The great thing about reaching middle age in our current society is that one does so, more or less, healthy. Until very recently in the history of civilizations, middle age did not exist for most people.
Of course, health includes mental health – the most important of all. In my case I am lucky to be able to review my past life, as most of my age do, and “inherit”, while still alive the knowledge I have learned. Due to our civilization’s excellent nutrition and medicine, masses of us can do this now. Should be interesting and it certainly makes life a very satisfying experience.
I mention this because, recently while I was cleaning out a closet, I picked up an old copy of a magazine which had an interview with Buckminster Fuller. At one point he was a cultural hero. The 1960s was his great moment. He was, and remains, a remarkable visionary. He makes today’s so-called futurists seem mediocre and trite.
In the interview he speculates that the ancient Polynesians, who were prodigious navigators on one hand and, by virtue of that, absolute geniuses at astronomical observation on the other hand, knew the stars like we know sports and television personalities. It is a sickening thought but there it is.
This cultural feature wasn’t religious or mythological, but purely scientific. They were, in a sense, astronauts. Even today a simple fisherman in a wooden sailboat from the South Pacific Islands can find his way back to his tiny island home after being blown off-course a hundred miles. Happens all the time. Our brains are too small to even imagine such an ability.
Fuller wondered about what had made the ancient Polynesians so unique. He wondered further what made everyone else so much less unique. He had trouble explaining to himself how it was that the Polynesians, who never went anywhere farther than 10 or 20 miles from home, could know astronomy so well. Better than the Egyptians, Phoenicians, Vikings, and Chinese — the lot. But soon they all caught up with the Polynesians.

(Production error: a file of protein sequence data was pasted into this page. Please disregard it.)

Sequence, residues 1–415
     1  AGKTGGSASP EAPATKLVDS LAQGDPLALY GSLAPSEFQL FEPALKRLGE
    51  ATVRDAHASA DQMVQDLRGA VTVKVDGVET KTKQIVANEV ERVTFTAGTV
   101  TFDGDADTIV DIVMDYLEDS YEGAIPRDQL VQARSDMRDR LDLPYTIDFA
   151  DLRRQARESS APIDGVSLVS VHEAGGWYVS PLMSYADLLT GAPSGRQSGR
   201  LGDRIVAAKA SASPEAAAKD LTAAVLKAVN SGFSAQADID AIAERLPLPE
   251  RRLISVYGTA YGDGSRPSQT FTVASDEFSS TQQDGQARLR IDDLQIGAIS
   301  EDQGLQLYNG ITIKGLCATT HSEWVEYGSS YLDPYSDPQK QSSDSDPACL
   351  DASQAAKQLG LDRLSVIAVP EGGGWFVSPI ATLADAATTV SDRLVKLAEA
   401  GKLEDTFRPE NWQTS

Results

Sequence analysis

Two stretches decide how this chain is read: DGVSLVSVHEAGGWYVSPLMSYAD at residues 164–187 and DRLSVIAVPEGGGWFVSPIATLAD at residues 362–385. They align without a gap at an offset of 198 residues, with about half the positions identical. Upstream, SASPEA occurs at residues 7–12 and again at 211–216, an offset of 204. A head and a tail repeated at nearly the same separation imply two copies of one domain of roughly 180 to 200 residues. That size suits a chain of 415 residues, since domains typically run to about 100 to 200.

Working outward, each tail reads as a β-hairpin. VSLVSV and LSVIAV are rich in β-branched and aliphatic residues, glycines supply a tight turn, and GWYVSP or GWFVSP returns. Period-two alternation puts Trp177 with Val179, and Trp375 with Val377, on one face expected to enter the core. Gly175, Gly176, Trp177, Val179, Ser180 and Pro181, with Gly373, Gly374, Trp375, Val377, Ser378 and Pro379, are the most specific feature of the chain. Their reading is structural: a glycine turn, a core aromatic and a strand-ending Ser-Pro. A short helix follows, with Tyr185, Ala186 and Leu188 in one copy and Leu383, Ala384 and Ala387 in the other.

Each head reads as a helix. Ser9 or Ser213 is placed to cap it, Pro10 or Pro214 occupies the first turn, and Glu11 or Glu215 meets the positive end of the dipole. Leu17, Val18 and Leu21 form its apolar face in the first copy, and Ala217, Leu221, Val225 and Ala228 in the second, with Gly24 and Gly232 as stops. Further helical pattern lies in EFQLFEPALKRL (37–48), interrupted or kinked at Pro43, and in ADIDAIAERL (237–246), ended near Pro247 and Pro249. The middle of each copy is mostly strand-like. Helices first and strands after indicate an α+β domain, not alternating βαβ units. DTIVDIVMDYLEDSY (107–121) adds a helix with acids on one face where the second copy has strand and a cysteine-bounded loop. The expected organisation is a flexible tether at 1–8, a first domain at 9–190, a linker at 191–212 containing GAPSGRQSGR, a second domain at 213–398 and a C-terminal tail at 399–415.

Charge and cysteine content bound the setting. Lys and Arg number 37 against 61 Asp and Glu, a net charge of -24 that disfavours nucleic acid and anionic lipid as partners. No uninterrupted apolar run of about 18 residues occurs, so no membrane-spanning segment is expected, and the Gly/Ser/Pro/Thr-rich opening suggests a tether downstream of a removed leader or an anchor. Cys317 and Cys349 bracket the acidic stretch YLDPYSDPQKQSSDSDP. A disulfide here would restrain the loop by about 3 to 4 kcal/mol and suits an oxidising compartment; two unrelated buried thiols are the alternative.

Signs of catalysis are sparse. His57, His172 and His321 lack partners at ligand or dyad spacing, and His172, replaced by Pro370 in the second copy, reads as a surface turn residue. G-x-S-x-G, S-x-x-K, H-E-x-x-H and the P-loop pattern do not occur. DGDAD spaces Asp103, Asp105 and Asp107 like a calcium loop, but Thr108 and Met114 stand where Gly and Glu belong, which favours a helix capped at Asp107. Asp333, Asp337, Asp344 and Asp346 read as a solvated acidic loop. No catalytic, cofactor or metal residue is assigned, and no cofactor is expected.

Might this Polynesian star knowledge have been shared? He guessed that bands of Polynesians sailed the world in a systematic manner. Somehow they determined that they had learned things that all others on earth had not. Since the ancient Polynesians knew “the earth” by an advanced and almost perfect understanding of the position of the night-time stars, they simply traveled the earth and told everyone who would listen. Fuller thought also that they may have been compensated in some way. Intriguing!
But it gets better: the primary reason the Polynesians knew the night skies so well is because, in effect, they never moved. They didn’t travel far or often for very long periods of time like others did. They studied the stars in minute detail, since small changes meant life or death in their island-hopping culture. They had islands like the skies had stars. Trade, war, treaties: all depended on making small voyages, not long ones. “Better get the angles right.” Then, when they accumulated a database of how the stars moved, they became accidental savants, so to speak. Fuller said no one came even remotely close to the Polynesians in celestial navigation, on the basis of his studies. They made a quantum leap.
A quantum leap in a collection of magazines in one of my mother’s old storage boxes. She liked to amass magazines. She’d read them all at once in marathons. Or not. I was in boarding school. What a great gift to me!
I did not so much reach late middle age as washed up on its shore. Honestly, I do not know sometimes why I am here. I like to tell people every once in a while that I have never lived before. It is, of course, literally true. But it is a kind of pun or play on words that never fails to startle people. Very enjoyable. I get to explain it. And explaining something is always amusing.
President Obama cribbed an old Hopi sacred proverb when he famously stated, “We are the people we have been waiting for.” Or words to that effect. It was more impressive as a political image than, “It takes a village to raise a child”, which I believe First Lady Hilary Clinton cribbed from a West African proverb. Plus, it does not hurt that President Obama has a great voice. But why can’t they come up with their own proverbs?
Personally, I think the Hopis were referring to the happiness and satisfaction of middle age. All that walking up and down ridges and river basins and up on to a mesa every once in a while. Keeps you fit. Many members of Native American tribes—so long as they stay on the reservations—live a very long and physically active time. Walking and swimming are the healthiest activities.
I am walking to Arizona someday! Or I shall swim to Polynesia. Rather like the young athletes do, with a boat behind them.
“This is the shore we have been swimming to.”